Blueberry extract powder
Verywell / Anastasia Tretiak


Eating blueberries is fine for most people who are pregnant or breastfeeding, but there is no data on the safety of blueberry extract. Therefore, the extract is not recommended for pregnant and lactating individuals.

Blueberry extract may have a glucose-lowering effect and interfere with glucose control during surgery. It is recommended to avoid blueberry extract at least two weeks before a scheduled surgery, as hypoglycemia (low blood sugar) may occur.

People with glucose-6-phosphate dehydrogenase deficiency (G6PD) may have difficulty digesting blueberries. If you have this disorder, you should discuss with your care provider before adding blueberry extract to your regimen.

Since blueberry extract may lower blood sugar levels, those taking diabetes medications should use caution when using this supplement.

Dosage: How Much Blueberry Extract Should I Take?

Always speak with a healthcare provider before taking a supplement to ensure that the supplement and dosage are appropriate for your individual needs. 

There is no standard dose for blueberry extract. More research is needed before determining a safe range. Should you decide to take blueberry extract supplements, follow the instructions on the supplement label.

What Happens If I Take Too Much Blueberry Extract?

There is insufficient data to suggest any ill effects if you consume too much blueberry extract.


Blueberry extract may interact with certain medications.

Taking blueberry extract with antidiabetic medications may increase the risk of hypoglycemia as both could work to lower glucose levels. Additionally, be mindful of taking it other supplements that may also lower blood sugar, such as:

  • Aloe
  • Bitter melon
  • Cassia cinnamon
  • Chromium
  • Prickly pear cactus

While not likely a major concern, blueberry juice may reduce the time it takes for the body to break down and eliminate some medications, such as buspirone and flurbiprofen.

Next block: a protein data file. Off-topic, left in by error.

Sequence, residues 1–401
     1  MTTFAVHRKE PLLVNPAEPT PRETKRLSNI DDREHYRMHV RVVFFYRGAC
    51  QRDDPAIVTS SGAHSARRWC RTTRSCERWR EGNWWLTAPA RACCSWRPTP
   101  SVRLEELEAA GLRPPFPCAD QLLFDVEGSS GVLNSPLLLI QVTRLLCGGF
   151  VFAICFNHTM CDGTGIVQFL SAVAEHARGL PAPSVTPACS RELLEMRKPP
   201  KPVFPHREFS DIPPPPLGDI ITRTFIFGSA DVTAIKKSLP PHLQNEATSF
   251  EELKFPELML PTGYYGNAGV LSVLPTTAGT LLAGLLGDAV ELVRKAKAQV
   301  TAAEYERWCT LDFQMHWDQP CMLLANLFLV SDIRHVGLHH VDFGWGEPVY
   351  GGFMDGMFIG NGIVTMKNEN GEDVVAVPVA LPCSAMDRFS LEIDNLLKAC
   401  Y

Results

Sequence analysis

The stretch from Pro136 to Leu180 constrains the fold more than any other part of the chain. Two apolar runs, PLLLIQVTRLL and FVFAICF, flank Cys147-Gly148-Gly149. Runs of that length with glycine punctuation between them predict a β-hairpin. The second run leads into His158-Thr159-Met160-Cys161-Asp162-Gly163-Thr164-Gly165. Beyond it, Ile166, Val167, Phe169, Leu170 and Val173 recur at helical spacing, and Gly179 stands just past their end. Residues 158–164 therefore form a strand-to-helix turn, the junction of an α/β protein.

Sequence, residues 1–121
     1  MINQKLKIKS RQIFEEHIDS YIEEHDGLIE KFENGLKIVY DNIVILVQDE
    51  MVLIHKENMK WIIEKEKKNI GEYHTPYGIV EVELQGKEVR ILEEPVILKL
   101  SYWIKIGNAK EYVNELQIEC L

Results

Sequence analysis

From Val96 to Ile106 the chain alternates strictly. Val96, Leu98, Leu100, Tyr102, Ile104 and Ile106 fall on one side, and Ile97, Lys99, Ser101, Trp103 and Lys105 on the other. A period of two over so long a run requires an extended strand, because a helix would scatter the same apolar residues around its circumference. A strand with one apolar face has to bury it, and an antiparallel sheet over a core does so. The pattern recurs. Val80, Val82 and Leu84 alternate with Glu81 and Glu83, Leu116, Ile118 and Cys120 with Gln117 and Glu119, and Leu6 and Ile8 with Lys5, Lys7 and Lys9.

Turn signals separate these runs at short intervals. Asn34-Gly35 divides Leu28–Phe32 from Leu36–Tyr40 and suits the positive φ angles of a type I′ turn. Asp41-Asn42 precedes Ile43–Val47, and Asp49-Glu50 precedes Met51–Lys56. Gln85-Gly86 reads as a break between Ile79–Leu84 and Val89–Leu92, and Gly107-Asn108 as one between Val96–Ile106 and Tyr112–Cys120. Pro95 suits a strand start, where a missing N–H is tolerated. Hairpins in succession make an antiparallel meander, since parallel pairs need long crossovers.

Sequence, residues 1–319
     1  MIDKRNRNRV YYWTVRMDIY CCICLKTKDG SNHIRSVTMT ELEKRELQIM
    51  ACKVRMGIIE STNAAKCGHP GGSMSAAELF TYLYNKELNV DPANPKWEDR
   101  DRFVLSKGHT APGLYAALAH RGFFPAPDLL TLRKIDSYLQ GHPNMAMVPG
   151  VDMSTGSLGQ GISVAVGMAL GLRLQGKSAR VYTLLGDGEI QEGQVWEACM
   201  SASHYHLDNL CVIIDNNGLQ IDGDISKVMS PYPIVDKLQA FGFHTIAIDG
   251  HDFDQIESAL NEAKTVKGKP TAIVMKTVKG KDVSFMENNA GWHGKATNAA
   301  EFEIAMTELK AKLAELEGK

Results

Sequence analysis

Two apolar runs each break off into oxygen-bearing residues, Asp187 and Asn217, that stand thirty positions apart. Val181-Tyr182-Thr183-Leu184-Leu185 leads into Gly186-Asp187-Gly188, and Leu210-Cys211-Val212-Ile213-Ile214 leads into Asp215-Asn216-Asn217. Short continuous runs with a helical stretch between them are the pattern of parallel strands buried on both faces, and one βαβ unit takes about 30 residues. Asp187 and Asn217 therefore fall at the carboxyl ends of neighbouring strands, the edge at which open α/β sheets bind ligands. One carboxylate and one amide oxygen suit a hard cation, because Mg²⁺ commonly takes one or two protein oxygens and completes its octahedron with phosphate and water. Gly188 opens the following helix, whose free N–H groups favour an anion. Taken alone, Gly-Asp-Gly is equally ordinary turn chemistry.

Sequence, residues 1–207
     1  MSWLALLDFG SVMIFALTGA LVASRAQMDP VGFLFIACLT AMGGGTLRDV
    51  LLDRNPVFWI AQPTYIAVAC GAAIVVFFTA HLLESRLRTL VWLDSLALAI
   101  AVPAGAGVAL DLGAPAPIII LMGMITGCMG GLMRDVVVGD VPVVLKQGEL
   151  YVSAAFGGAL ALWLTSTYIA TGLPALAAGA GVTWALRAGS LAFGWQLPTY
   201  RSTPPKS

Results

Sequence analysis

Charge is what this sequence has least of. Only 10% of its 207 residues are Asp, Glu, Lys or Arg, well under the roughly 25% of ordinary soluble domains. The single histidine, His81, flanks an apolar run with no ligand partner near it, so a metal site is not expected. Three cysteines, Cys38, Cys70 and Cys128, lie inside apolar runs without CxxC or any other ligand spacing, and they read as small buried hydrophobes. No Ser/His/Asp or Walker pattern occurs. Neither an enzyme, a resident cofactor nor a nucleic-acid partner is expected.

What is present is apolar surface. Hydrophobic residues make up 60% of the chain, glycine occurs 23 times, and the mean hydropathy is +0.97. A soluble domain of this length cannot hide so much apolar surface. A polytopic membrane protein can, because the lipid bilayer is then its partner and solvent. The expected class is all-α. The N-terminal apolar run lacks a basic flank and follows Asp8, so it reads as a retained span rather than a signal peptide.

How to Store Blueberry Extract

It is best to follow the manufacturer's guidelines for storing blueberry extract. Always store medications and supplements out of the sight and reach of children and pets.

Similar Supplements

All forms of blueberry supplementation mustn't be treated equally. Blueberries, blueberry powder, and blueberry juice extract may not have the same intended effect. They also may have different dosing suggestions.

Additionally, do not confuse blueberry and bilberry. European blueberries are often, in fact, bilberry.

Frequently Asked Questions

  • Is taking blueberry extract better for you than eating whole blueberries?

    There is not enough data to suggest that a blueberry extract is better or even provides equal nourishment as whole blueberries would.

    Both whole blueberries and blueberry extract are an abundant source of vitamins and minerals. Depending on the formulation, blueberry extract supplements may contain a higher dose of nutrients than the whole fruit, but whether that is a good thing once it is consumed is not known.

    Alternatively, fiber is removed during the extraction process. Blueberries are considered a good source of fiber, with 3.6 grams in a 1 cup serving. This accounts for 14% of the recommended daily intake of fiber based on a 2,000-calorie-a-day diet. If your diet lacks fiber, whole blueberries may be a better choice for you.

  • Will blueberry extract help improve cognitive function?

    There is not enough research to suggest benefit from blueberry extract. Research on blueberries and cognitive function has used fresh blueberries, blueberry powder, or blueberry juice concentrate but not blueberry extract.

    In a study published in Food & Function in 2017, researchers examined the cognitive effects of consuming either freeze-dried blueberry powder or a placebo (an ineffective substance) on a group of children between the ages of 7 and 10.

    Three hours after consuming the blueberry powder, participants were given a cognitive task. Participants who had taken the blueberry powder completed the task significantly faster than those in the control group.